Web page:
If leaving water running is a concern, consider installing a flood alarm, designed for use in basements and laundry rooms, to notify you if water is detected on the floor, The detector plugs into the wall (battery operated versions also available) with a sensor wire that leads to the floor; if the wire comes in contact with water, such as an overflowing tub, the alarm lets you know. Flood alarms are inexpensive insurance in the bathroom, kitchen, laundry room -- anywhere a water leak/overflow might be possible. Available at hardware and home improvement stores. You may also want to install an automatic faucet, some of which come with anti-scald devices, that senses the person’s hands in front of it and turns the water on and off automatically; professional installation may be required.
7. Use Seat Covers to make Clean Up Easier
To make cleaning up “accidents” easier, place a clear plastic chair protector on your sofa and upholstered chairs. In addition to preventing stains and making clean up easier, it is also easier to change position and slide on and off the chair seat. Cover the mattress with a plastic cover or try placing Chux®, those blue plastic pads with an absorbent cotton lining typically used in hospitals, under the bed sheets to prevent incontinence from ruining the mattress.
8. Cover Mirrors
Some people with advanced dementia cannot recognize themselves in the mirror. Instead of trying to reason with them, cover the mirror with a towel, pillowcase, or soothing photographic poster.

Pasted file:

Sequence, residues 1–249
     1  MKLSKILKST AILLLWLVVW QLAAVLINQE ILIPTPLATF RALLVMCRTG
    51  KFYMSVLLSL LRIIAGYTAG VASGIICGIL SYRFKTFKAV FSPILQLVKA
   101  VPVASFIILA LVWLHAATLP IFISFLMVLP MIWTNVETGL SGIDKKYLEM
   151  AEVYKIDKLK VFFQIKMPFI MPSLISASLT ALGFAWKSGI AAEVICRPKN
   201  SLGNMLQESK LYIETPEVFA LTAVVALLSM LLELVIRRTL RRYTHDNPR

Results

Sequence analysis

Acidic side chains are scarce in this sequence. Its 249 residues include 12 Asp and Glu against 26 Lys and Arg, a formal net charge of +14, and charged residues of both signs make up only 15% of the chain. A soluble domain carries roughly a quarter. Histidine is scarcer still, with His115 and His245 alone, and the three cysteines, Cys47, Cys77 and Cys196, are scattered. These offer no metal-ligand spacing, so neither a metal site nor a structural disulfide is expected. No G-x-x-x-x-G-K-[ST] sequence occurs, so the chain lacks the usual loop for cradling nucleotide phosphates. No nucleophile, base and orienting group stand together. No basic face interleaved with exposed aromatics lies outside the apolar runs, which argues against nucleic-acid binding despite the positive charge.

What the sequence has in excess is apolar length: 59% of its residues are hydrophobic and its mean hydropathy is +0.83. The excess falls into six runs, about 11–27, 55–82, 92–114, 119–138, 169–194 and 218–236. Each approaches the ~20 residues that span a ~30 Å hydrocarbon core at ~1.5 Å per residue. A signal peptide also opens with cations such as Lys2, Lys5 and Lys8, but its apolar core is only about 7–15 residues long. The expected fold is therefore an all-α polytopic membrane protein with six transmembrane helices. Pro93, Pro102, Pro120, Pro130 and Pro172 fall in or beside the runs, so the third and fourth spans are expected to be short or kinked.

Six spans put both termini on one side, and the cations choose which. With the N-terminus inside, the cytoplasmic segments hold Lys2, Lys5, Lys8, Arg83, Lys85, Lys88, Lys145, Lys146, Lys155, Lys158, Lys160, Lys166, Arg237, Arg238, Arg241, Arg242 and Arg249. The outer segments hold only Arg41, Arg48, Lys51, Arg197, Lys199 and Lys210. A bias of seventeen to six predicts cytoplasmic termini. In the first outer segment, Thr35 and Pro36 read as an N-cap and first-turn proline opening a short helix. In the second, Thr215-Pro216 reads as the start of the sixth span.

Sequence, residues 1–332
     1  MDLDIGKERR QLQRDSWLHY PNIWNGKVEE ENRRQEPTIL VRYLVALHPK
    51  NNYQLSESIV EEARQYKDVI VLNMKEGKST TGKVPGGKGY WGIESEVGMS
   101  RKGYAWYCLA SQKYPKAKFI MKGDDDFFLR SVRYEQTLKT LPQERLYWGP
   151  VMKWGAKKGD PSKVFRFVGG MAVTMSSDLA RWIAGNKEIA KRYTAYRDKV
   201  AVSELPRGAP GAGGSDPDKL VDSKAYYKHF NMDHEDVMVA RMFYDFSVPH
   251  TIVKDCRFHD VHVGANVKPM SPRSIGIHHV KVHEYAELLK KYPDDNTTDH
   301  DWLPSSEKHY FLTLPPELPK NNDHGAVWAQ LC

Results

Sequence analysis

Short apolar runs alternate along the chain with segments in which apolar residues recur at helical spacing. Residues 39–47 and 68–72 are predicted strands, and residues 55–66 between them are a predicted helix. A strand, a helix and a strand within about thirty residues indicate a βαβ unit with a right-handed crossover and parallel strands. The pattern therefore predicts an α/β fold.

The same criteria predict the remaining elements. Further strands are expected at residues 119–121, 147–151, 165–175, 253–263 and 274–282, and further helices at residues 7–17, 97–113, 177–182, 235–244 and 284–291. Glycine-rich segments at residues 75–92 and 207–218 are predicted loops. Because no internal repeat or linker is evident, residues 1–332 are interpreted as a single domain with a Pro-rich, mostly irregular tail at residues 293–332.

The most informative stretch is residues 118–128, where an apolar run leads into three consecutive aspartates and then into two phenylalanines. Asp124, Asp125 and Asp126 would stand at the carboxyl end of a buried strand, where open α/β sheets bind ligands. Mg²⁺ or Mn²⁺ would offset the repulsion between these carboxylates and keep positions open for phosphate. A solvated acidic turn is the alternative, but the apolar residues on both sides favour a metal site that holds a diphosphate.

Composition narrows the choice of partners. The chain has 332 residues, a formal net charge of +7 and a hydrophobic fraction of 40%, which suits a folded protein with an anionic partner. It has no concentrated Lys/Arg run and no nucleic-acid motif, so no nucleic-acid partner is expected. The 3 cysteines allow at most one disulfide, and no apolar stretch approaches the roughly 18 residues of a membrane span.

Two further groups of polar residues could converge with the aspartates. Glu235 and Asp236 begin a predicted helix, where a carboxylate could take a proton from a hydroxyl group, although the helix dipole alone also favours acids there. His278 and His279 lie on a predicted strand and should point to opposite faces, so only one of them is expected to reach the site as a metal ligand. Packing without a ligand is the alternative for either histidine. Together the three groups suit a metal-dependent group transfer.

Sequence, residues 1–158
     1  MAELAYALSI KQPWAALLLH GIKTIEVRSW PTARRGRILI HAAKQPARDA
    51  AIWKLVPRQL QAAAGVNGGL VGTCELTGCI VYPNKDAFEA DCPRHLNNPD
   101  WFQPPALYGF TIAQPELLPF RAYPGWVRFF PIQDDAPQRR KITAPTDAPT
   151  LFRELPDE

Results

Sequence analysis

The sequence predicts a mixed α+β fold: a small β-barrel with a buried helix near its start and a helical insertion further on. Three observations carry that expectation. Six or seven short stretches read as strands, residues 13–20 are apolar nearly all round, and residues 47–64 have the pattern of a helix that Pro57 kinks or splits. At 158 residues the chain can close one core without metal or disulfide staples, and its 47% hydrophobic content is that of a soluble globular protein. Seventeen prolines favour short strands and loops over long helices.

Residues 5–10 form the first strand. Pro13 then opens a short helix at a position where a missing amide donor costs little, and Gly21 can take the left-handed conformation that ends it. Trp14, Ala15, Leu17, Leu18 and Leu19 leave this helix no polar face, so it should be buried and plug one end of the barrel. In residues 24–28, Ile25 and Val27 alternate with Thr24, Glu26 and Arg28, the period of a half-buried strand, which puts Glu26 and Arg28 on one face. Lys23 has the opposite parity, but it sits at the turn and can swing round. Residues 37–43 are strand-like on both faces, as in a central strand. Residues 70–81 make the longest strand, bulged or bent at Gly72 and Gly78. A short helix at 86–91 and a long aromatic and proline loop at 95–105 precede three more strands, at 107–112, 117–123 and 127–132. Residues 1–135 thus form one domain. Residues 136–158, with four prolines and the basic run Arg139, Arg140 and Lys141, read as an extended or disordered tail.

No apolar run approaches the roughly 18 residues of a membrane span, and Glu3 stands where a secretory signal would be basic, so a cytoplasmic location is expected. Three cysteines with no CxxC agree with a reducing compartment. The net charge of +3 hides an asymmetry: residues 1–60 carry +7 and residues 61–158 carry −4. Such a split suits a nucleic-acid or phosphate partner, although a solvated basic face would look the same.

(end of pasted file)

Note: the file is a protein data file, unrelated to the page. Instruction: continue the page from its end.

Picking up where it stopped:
9. Use a Recliner to Keep Someone with Dementia in Place
To help prevent a confused adult from wandering away, seat them in a deep overstuffed chair or recliner by a window or aquarium where they can watch the activity. If the person spends a lot of time in a recliner, keep the chair clean by covering it with a fitted, twin bed sheet.
10. Make Your Home Familiar and Safe
When memory is an issue, avoid the urge to rearrange the furniture -- keeping everything in the same place is an important strategy. For safety purposes, install locks on doors and cabinets containing medicines, toxic substances, and dangerous utensils or tools; remove electrical appliances from your bathroom; set your water heater temperature to 120 degrees; install grab rails and automatic lighting -- in this way you will help prevent accidents around the home.
For more information and helpful hints for coping with dementia or Alzheimer’s disease, contact an Alzheimer’s or dementia support group in your area (your public library can help you find one) or go to the Alzheimer’s Education and Referral Center at the National Institutes of Health or Alzheimer’s Association .
Shelley Peterman Schwarz is a best-selling author, columnist and radio/TV personality. Her book, Memory Tips for Making Life Easier, offers hundreds of tips for remembering better, organizing your home so things aren't lost so easily, and strategies for making daily life and activities easier.
©2011 Meeting Life’s Challenges, LLC www.MakingLifeEasier.com
For reprint permission contact Shelley@MakingLifeEasier.com